By Jeffrey Schwartz
Dell Technologies has integrated its Wyse thin client group into its commercial client organization. The first product jointly designed and manufactured by the two groups – the Wyse 5070 – is set for release to the channel June 5.
We caught up with Jeff McNaught, the longtime Wyse veteran and now VP of Dell Cloud Computing, who discusses the 5070, the recently launched update to VDI Complete, and the opportunity he sees these moves present to partners.
Channel Partners: It’s been a year now since VDI Complete was announced. Has it met your expectations?
Jeff McNaught: It has been hugely successful. We are now on version 3 of VDI Complete. The original VDI Complete had a certain hardware definition; we have now added more hyperconverged infrastructure appliances, we’ve added GPU support inside the solution, and we’re adding the Wyse 5070 in the solution.
CP: What’s new with the Wyse 5070?
JM: These are the first thin clients that have been designed as part of Dell. Until this point, all of our thin clients with very few exceptions were designed by Wyse and built by Wyse. Our brand-new 5070 was designed with Dell’s supply chain, intellectual property. These represent a quantum leap now in the flexibility and performance of thin clients.
CP: Is Dell eliminating the Wyse brand?
JM: No. The Wyse brand is just like the Latitude, OptiPlex or Precision brands. Whenever you see the Wyse brand at Dell, it’s all about digital workspaces, VDI and in-essence virtualization. The new Wyse 5070 is the standard. This is expanded, but both [the new 5070 and last year’s 3040] use the same logic board inside. But the whole idea behind these are they are the first truly global thin clients.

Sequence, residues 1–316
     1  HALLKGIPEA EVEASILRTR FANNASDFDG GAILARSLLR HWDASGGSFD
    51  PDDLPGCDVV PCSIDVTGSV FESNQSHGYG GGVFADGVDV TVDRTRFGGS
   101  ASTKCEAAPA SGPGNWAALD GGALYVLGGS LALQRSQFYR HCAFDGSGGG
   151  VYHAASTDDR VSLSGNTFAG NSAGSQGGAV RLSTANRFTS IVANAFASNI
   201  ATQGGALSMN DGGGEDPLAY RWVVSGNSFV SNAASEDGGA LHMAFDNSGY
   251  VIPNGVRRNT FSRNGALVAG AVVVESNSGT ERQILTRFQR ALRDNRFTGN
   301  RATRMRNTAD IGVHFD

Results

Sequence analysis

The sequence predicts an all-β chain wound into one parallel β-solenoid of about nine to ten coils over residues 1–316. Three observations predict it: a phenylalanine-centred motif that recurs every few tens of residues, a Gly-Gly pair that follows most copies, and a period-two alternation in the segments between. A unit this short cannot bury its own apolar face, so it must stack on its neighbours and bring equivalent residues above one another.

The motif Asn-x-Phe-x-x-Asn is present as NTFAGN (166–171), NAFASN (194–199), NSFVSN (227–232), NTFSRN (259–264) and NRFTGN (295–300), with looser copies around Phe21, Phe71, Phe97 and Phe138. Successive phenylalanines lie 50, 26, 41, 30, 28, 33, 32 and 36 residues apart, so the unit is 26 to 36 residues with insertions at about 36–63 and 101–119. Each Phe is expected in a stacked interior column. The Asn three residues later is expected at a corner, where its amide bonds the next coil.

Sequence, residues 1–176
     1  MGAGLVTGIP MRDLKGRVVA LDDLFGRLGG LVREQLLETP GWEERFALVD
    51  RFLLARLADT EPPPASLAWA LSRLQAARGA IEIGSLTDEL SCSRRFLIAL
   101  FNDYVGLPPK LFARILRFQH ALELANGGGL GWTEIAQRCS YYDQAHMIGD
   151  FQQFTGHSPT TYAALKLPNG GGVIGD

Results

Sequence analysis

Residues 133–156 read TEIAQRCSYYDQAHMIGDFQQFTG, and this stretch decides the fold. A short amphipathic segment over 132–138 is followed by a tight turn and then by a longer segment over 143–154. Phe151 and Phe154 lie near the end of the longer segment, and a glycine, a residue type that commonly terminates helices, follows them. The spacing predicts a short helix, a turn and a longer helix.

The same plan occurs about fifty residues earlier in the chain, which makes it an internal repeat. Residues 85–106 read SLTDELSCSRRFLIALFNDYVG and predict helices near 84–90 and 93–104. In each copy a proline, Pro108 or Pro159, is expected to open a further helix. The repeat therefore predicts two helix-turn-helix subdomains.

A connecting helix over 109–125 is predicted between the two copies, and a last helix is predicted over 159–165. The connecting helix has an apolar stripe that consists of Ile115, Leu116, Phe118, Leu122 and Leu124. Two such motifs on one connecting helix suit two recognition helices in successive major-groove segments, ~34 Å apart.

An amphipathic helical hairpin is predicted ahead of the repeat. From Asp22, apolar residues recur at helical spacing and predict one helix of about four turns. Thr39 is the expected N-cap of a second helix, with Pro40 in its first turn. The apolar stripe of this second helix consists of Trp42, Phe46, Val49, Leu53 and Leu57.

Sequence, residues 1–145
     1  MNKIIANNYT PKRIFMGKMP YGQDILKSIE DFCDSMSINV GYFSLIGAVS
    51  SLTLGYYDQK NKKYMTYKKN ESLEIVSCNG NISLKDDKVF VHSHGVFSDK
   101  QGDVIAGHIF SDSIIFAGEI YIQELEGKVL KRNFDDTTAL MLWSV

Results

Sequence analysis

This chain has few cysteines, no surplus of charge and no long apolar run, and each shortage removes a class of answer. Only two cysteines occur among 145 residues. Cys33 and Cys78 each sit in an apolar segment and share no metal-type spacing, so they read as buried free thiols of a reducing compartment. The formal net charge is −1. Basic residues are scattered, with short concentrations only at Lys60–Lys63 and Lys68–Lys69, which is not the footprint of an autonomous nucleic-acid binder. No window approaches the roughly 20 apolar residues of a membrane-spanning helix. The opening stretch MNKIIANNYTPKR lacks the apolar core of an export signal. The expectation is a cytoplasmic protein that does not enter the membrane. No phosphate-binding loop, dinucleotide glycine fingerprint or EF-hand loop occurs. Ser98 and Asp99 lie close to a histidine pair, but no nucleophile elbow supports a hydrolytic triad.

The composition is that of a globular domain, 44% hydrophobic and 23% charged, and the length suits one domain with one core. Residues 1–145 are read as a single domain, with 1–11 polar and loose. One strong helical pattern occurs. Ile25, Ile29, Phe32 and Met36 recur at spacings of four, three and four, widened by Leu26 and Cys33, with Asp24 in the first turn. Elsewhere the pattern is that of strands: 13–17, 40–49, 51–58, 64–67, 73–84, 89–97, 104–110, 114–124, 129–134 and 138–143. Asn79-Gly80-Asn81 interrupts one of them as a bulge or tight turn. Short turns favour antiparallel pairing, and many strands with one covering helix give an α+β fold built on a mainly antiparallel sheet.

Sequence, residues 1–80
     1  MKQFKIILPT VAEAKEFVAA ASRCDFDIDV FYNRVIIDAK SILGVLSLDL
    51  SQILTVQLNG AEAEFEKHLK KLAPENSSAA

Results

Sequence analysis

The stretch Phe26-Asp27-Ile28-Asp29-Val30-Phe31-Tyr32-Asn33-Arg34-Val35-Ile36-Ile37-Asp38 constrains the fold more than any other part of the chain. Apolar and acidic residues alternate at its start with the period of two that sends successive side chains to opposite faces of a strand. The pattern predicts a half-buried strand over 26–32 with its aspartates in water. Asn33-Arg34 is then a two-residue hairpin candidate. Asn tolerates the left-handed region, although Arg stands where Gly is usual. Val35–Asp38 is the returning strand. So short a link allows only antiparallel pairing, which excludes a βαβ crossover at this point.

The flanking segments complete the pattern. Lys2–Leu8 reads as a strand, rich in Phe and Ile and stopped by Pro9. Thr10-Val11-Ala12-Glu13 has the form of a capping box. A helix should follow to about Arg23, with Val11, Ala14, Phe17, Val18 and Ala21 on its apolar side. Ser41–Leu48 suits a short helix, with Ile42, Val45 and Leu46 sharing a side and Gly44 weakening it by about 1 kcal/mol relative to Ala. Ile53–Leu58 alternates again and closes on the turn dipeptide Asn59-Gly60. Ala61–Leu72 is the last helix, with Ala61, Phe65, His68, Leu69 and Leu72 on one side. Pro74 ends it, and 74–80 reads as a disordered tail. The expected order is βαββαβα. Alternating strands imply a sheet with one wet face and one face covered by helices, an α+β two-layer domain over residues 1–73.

CP: What do you mean by that?
JM: They’re capable of doing all of the traditional applications in places that have backwards standards such as parallel ports and serial ports. But it’s also able to support true 4K displays at full 60 hertz and at full frame rates, whereas most of the 4K thin clients out there from other guys won’t work past 30 hertz. The new 5070 has the ability to support six display ports, which is popular for traders in the financial sector. It also supports an add-in card with its own GPU. So that’s one of the reasons for the wider chassis. We’ll have a [control access card] slot for quick logins for use in health care and government users.
CP: What processors will run with the 5070s?
JM: We have four different configurations. They come either with quad-core Celerons, or quad-core Pentiums driving much more powerful applications than the 3040 that we introduced last year. The 3040 has a quad-core Intel processor, but it’s in the Atom family. The 5070s are much more powerful and much more capable in terms of what they can do. There are just tons and tons of ports so that it becomes really …
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